Belfast Telegraph

Revealed: Gifts and hospitality lavished on Stormont ministers over past five years

By Kevin McStravock

Stormont ministers have been lavished with hundreds of gifts, including a £1,000 statue of a horse, an investigation has revealed.

Cases of wine, Waterstones vouchers, concert tickets, silk ties and crystal bowls were among some of the many freebies presented to Northern Ireland's top politicians over the past seven years.

The gifts were offered to the ministers by private companies and Heads of State, according to information obtained under the Freedom of Information Act.

Some of the most expensive gifts were presented to the Minister for Employment and Learning (DEL) Stephen Farry, whose items included the horse statue worth £1,000, a fox ornament valued at £800 and a £255 pen.

All of these were given to him by Irish businessman and racehorse owner JP McManus when he attended the JP McManus Scholarship Awards in 2012 and 2013.

The DEL insisted that these were not personal gifts, but will remain within the department following a change of minister.

Among the hampers, plaques and paintings were some less conventional items, including a handprint painting of a sumo wrestler received by Deputy First Minister Martin McGuinness and a Christmas turkey, which has been given each December for the past three years to Agriculture Minister Michelle O'Neill.

Controversial Fifa president Sepp Blatter is one of a host of public figures who has given gifts to some of the Assembly ministers.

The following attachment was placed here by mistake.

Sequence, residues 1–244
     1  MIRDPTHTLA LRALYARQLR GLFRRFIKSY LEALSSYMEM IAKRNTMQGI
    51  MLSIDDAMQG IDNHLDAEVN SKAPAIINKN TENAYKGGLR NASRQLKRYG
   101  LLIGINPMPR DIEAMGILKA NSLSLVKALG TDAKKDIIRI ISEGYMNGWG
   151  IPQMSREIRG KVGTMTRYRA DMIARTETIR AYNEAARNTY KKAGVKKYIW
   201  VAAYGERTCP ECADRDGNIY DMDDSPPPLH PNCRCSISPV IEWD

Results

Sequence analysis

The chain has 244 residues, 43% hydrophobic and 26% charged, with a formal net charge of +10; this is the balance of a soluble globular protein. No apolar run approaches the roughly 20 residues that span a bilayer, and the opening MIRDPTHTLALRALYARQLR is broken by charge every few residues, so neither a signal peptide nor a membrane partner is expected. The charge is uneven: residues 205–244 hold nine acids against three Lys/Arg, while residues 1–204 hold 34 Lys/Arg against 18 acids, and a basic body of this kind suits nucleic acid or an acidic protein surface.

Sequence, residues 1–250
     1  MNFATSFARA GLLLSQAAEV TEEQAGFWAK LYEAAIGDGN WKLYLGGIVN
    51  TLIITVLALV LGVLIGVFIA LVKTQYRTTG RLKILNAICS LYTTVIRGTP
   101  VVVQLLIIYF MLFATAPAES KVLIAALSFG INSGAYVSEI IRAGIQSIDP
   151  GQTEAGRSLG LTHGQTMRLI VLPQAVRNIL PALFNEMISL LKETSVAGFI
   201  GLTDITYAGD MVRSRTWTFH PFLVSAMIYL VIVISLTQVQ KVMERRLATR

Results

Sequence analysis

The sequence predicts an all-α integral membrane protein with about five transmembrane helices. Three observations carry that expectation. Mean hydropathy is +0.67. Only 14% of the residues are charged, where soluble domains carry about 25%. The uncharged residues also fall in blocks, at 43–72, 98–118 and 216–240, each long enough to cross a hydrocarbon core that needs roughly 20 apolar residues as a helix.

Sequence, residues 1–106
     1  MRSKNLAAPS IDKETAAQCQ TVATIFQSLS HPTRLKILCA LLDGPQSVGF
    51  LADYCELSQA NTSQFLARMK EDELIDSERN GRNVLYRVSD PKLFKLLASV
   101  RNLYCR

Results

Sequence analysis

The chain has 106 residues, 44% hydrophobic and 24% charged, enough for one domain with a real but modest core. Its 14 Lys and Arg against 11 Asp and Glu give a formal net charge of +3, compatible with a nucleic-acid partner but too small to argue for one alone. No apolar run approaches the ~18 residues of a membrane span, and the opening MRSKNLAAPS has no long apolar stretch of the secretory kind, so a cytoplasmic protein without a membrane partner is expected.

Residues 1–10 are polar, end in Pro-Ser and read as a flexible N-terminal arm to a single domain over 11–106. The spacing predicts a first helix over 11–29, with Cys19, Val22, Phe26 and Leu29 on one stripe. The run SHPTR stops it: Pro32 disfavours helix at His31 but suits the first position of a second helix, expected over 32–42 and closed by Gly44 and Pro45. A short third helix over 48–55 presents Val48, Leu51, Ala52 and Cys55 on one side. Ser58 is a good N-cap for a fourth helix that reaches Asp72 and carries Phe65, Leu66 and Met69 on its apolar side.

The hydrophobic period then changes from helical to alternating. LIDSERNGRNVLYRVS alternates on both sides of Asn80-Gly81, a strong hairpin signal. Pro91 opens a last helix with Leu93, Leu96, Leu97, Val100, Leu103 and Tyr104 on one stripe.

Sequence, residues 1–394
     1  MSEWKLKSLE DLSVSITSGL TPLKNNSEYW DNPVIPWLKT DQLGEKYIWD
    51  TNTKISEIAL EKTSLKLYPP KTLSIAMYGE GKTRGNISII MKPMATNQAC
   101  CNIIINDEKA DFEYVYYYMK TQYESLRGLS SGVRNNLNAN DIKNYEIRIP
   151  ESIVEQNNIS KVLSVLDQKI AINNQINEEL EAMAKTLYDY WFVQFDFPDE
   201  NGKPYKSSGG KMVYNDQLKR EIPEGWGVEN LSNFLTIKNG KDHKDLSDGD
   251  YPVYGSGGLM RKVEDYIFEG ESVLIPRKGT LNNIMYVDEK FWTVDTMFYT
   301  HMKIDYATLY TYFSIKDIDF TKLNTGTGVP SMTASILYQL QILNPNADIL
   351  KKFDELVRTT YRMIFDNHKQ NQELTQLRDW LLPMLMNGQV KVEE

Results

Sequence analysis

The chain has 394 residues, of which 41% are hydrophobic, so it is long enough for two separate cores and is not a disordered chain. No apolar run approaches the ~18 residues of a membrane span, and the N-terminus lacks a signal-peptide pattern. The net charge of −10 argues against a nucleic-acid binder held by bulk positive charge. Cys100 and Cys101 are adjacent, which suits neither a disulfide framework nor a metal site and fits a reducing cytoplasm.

Former Culture Minister Gregory Campbell received a Fifa pendant courtesy of the Swiss football administrator at an FA dinner in 2009.

The register of gifts was released to the investigative website The Detail under Freedom of Information.

The Department of Health and the Department of Finance failed to provide a list of gifts received by their ministers.

The Department of Health said that the Health Minister had only received "inexpensive gifts" while the Department of Finance and Personnel said that it did not keep a register of gifts offered to the Finance Minister.

The recording of gifts received by ministers and MLAs is to be reviewed next week by the Assembly's Committee on Standards and Privileges.

A lack of routine publication of gifts received by ministers has led to demands for greater transparency. Ukip MLA David McNarry accused departments of being "secretive" and said it was in the public interest to ensure the information was readily available.

"I'm very angry that you have to twist people's arm to get information like this out to the public. You shouldn't have to go through the Freedom of Information Act to access this information," Mr McNarry said.

He added: "When you have to go to these levels, it makes the public more suspicious of politicians and reinforces the idea that we're all chancers.

"It's absolutely essential that the public is made aware of this sort of information, especially in this day and age when the behaviour of all elected representatives is looked at in such microscopic detail."

Mr Campbell, who received gifts during his tenure as Culture Minister, agreed that the information ought to be made public "when the value exceeds a certain amount".

"I don't think that declaring a gift of little value is in the public interest, but certainly when a minister receives something worth a significant amount of money, the public have a right to know," the DUP MP said.

Other items of significant value which have been offered to some of Northern Ireland's ministers include three tickets to an Arsenal vs Borussia Dortmund Champions League game given to the Minister for Regional Development Danny Kennedy in 2013, and a free parking pass for Belfast International Airport given to Culture Minister Caral Ni Chuilin.

Belfast Telegraph


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